Since Castro is struggling with some injuries, and since the team needs someone who can play SS as a backup … it was always a certainty that the team would carry a SS-capable player. I was hoping it would NOT be Garcia, because I want him to play every day … and now he will. I figured honestly the team would carry Perez, but Mercer is somewhat of a surprise. I’m guessing Castro may face a DL trip, which then would put Perez in as a starter, Mercer as the defensive replacement … and when everyone is healthy again Mercer may get the Axe.

To make room for the two new additions, Noll mercifully gets the DFA axe. This was the obvious move; Noll has been #1 on my “next player to get DFA’d to make room on the 40-man” roster for the better part of two years. I think he’s a nice story, making the team as such a long shot, and i’m surprised he made it so long on the roster. Odds are high that he’ll pass through waivers and accept the outright, but the odds of him returning to the majors seem slim.

The cascading effect of sending both Garcia and Kieboom to AAA, where they will be playing full time, has to be crushing to a slew of long-serving minor league vets in the org. Now there’s no room for the likes of Cole Freeman and Adrian Sanchez to play full time, to say nothing of several MLFA signings who seem like they’re a few days from getting cut (namely, Osvaldo Duarte, Ali Castillo, and Humberto Arteaga. That being said, the infield at AAA projects to have a very interesting set of prospects: KJ Harrison, Garcia, YaselAntuna and Kieboom. It’ll be fun watching AAA boxes in May.


Now lets talk about the Outfield Impact. Fan favorite Hernandez gets sent to AAA; some fans are already shocked that he gets cut based on his hitting this spring, but to me it’s pretty obvious. The team needs a spare outfielder who can actually play CF and that isn’t Hernandez. But it also may be that the injury to Castro forced the team’s hand to carry Mercer at the expense of Hernandez. Maybe we’ll see him back up soon to cover for a corner OF injury, or if (when) Ryan Zimmerman gets hurt.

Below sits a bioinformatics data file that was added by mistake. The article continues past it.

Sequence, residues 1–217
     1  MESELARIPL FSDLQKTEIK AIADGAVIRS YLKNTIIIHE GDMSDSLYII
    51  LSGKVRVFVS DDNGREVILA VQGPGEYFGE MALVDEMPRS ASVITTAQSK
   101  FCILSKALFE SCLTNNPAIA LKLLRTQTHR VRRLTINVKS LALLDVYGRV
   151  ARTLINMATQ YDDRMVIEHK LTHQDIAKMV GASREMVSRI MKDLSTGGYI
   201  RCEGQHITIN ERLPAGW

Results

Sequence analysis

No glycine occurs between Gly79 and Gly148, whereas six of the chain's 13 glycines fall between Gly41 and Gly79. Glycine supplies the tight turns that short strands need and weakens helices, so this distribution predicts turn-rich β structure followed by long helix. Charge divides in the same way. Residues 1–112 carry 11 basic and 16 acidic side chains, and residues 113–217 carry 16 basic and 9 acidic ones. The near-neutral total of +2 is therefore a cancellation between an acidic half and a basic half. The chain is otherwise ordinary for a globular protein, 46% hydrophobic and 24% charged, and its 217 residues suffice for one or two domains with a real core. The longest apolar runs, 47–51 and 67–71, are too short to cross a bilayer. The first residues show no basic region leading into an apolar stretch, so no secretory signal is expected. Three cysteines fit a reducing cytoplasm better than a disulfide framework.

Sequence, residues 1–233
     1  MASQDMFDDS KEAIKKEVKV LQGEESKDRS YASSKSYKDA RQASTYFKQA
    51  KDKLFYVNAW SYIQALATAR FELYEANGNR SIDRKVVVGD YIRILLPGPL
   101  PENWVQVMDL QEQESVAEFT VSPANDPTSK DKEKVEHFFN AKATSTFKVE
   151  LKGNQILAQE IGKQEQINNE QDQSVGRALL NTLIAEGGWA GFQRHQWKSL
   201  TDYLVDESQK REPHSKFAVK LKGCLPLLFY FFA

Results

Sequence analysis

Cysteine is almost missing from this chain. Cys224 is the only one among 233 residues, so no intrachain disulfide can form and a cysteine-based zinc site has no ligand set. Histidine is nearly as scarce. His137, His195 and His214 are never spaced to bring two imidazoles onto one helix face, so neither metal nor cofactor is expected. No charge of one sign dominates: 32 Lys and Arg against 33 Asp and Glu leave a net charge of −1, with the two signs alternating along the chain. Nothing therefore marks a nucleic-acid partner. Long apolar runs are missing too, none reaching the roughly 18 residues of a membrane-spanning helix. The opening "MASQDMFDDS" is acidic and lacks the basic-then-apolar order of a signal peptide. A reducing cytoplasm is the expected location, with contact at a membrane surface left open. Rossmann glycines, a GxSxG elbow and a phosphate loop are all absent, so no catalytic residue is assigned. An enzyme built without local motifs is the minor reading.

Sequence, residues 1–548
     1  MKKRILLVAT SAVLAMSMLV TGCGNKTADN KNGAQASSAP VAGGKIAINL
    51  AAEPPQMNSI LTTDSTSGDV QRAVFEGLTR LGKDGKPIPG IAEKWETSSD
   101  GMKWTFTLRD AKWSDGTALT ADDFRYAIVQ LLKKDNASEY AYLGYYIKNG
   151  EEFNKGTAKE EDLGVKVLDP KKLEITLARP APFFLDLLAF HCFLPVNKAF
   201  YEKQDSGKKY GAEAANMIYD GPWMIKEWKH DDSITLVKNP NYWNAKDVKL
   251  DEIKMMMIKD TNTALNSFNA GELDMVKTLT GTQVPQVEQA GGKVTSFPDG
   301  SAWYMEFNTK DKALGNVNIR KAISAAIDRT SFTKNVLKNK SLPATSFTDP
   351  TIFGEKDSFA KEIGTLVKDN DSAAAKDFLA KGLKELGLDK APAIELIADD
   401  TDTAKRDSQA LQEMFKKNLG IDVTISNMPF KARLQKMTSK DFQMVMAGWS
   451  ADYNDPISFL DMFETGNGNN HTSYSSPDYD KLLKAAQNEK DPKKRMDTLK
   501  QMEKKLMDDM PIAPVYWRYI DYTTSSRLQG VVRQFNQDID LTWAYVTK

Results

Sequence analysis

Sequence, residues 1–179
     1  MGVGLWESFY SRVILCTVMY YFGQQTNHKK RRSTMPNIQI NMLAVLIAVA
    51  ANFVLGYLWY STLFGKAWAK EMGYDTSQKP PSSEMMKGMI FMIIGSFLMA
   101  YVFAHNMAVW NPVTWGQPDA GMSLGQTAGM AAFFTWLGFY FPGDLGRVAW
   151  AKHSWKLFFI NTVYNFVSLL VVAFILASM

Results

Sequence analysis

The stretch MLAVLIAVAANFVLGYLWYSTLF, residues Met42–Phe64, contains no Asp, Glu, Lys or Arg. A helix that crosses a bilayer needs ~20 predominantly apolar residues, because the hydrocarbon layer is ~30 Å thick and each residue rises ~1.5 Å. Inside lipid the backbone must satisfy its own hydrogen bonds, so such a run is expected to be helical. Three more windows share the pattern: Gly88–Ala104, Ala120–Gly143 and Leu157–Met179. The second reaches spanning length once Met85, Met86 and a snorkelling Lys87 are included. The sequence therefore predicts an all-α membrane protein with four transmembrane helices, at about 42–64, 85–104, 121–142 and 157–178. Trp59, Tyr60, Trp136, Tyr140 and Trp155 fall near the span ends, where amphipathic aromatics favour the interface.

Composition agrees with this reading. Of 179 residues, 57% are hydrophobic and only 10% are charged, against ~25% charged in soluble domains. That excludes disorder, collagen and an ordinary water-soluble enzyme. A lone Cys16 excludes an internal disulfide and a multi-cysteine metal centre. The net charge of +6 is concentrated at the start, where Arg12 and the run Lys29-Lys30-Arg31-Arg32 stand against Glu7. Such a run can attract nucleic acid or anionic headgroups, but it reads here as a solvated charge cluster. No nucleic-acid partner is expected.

Hernandez clearly has made Tomas expendable; he’s given his release. He just didn’t show much this spring (7-30 with no extra base hits) and the team has other options.

Gerardo Parra clearly isn’t ready so he will remain in roster limbo; it should be interesting to see what the team does with him once he’s ready to go, and who makes way. Does he replace Mercer like for like? Does he go to AAA and play for a bit? How does he fit into this team?

Speaking of outfielders in AAA, Hernandez will presumably man LF down there, as Tocci will man CF. That leaves just one OF position for a slew of org guys, and playing time will be tight for the likes of Rhett Wisemann and Nick Banks if Parra is on the roster. We’ll see. Maybe they’ll all just juggle DH duties.


Lastly, lets talk briefly about what we now know about the Pitching situation. We now seem to know at least how the “2nd lefty bullpen option” competition has shaken out: Clay lost and was demoted, McFarland lost and was released, and the team is waiting a day or two to make a 40-man corresponding move/DL assignment to add Luis Avilan. Makes sense and all seems logical.

The MLB bullpen now though still seems light: The big board shows only 6 relievers on the Washington roster right now, though Fedde and Voth seem like they’re both now being carried. That puts them at 8 … but we know that Harris and his blood clot will cause a short DL trip. So stay tuned for more machinations on the pitching. I’ll bet we’ll see at least one more RHP reliever addition (Javy Guerra?), but that’ll require another 40-man/60-day DL move. It is interesting that McGowin was sent down; to me this means he lost out to Guerra as a middle relief option.